Chronic cough, defined as a cough that lasts for more than eight weeks, affects about one in five people. Some studies that suggest there is a relationship between acid reflux and chronic cough. When patients who had a chronic cough were studied, it was clear that sometimes, acid reflux episodes increased their coughing (Kahrilas et al., 2013). While this research shows that chronic coughing may be related to reflux, there can be many different reasons (not just acid reflux) why someone would have a chronic cough.
Diagnosing a Reflux Related Chronic Cough
Coughing is an automatic reflex of the respiratory tract that your body uses to clear your upper airways. Besides acid reflux, a chronic cough could be caused by exposure to cigarette smoke, environmental pollution, asthma, bronchitis, or allergies just to name a few. Gastroesophageal reflux disease (GERD) is one of the most common causes of chronic cough (Irwin, 2006).
Understanding the connection of coughing to reflux...
Coughing is a reflex that keeps your nose and throat clear. Coughing can be irritating, but it's actually helping your body heal or protect itself. Your doctor will classify your cough as acute or chronic. Acute coughs are the kind you usually get with a cold or the flu; they start suddenly and can last about 2-3 weeks. Chronic coughs last longer than 3 weeks and may be caused by smoking, asthma, and allergies.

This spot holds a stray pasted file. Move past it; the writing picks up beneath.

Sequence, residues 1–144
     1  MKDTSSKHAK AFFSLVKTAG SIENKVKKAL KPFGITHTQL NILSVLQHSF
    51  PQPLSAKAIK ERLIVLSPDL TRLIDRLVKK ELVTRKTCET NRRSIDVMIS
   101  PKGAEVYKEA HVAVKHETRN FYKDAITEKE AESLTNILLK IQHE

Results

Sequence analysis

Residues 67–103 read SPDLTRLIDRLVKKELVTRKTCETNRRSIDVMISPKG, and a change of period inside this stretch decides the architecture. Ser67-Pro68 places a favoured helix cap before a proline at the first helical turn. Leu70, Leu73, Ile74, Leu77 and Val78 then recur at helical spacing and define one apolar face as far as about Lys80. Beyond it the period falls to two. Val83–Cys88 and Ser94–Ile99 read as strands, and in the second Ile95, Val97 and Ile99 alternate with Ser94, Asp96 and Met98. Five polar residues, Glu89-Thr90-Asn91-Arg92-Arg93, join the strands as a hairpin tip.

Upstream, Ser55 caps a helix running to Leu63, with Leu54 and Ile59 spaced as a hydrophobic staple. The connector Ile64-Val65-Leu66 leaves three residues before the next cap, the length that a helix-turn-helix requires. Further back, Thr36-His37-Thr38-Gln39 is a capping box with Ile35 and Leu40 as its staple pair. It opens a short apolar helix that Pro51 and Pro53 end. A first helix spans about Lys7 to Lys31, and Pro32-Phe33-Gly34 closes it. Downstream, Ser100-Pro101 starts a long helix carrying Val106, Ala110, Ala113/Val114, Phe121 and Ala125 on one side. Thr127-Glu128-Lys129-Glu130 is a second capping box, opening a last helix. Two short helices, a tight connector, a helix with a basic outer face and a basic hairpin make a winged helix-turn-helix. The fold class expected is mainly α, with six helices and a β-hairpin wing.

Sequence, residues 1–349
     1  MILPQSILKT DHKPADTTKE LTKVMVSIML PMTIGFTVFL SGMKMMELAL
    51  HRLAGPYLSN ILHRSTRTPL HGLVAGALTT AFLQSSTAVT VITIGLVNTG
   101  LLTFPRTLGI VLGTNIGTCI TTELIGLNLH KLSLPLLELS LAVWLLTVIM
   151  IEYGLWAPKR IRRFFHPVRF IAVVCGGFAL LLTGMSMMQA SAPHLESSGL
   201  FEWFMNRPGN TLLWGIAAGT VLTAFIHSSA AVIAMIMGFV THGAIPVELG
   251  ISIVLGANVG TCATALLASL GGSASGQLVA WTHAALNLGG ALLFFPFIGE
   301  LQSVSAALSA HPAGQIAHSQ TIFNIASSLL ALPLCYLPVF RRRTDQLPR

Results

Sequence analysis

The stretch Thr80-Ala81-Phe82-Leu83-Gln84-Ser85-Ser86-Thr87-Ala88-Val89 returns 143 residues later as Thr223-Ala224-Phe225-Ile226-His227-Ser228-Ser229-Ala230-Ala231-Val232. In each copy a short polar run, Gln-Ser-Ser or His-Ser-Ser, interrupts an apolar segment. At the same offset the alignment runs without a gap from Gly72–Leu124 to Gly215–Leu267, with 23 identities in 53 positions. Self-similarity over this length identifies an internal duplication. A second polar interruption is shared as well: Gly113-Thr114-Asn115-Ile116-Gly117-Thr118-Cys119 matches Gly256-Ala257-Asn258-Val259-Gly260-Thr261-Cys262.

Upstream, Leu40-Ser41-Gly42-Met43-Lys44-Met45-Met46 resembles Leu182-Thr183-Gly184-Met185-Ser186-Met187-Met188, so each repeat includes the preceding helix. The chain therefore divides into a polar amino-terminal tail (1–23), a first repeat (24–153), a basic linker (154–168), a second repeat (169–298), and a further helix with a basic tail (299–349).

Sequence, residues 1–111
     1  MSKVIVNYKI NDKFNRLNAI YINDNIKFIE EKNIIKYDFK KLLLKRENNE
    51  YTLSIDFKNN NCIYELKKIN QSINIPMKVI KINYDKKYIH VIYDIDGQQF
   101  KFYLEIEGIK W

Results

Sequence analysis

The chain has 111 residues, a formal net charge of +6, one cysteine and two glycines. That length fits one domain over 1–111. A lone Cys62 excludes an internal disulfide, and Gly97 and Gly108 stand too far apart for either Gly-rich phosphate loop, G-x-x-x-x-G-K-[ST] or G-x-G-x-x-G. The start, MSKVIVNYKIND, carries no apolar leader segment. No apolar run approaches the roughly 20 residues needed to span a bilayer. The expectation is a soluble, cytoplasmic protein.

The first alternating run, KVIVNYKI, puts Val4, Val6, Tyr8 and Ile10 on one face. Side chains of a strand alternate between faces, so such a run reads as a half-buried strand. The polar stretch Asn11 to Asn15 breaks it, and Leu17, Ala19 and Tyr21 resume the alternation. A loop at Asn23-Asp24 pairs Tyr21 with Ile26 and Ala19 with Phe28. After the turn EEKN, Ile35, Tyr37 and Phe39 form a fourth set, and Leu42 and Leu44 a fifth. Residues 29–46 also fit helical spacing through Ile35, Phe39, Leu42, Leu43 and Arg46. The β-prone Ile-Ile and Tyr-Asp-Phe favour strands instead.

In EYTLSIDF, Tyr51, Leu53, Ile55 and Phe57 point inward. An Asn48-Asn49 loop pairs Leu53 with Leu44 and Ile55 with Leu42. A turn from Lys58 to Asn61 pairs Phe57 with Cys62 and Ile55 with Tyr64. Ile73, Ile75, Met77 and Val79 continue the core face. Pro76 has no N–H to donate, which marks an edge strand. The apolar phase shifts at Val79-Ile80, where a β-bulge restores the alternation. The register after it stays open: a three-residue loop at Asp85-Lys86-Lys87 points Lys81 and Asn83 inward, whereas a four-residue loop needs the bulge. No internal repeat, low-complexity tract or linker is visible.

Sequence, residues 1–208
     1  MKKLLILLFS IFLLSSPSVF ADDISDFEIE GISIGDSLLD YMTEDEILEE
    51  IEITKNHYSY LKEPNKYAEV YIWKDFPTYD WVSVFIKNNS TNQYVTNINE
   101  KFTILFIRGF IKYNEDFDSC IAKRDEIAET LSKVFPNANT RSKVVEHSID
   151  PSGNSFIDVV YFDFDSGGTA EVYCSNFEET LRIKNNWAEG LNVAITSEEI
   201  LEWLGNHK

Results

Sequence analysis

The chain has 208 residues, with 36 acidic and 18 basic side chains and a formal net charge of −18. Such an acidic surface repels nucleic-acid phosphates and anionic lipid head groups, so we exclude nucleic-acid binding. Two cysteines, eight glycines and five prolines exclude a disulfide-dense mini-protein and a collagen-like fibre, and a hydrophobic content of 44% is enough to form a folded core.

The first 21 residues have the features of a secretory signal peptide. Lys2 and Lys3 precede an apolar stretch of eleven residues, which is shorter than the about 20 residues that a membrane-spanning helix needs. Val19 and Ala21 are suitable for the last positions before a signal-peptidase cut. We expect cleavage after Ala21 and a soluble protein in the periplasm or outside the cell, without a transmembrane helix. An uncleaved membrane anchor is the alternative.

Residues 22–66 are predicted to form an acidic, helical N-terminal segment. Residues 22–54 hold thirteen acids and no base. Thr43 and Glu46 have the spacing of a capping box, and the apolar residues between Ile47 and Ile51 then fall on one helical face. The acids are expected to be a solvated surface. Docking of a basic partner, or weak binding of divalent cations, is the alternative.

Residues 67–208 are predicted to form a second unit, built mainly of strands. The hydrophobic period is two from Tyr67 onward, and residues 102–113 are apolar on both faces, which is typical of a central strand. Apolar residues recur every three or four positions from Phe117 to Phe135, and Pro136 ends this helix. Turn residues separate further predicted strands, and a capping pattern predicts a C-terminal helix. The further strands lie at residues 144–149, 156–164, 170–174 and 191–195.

Some breast cancer treatments may cause coughing:
Faslodex (chemical name: fulvestrant), a hormonal therapy
Femara (chemical name: letrozole), a hormonal therapy
If you have a cough that lasts for more than 2 or 3 weeks or if you cough up blood, talk to your doctor right away. Since coughing can be caused by so many things, it's important to figure out why it's happening to you. If it's because of another condition, such as a cold or asthma, your doctor can treat it with medication. If your cough is due to breast cancer treatme...
Pneumothorax is a collection of air or gas in the pleural space of the lung, causing the lung to collapse. Pneumothorax may be the result of an open chest wound that permits the entrance of air, the rupture of an emphysematous vesicle on the surface of the lung, a severe bout of coughing, or it may occur spontaneously without evident cause. The major types of pneumothorax are: Open pneumothorax results when a penetrating chest wound enables air to rush in and cause the lungs to collapse. Closed pneumothorax results when the chest wall is punctured or air leaks from a ruptured bronchus (or a perforated esophagus) and eventually ruptures into the pleural space. Spontaneous pneumothorax occurs in a previously healthy individual with no prior trauma. This is thought to be due to rupture of a bleb (a blister containing air) on the surface of the lung. This spontaneous pneumothorax is most frequent in people under the age of 40. Pulmonary barotrauma occurs when a patient whose lung function is b...
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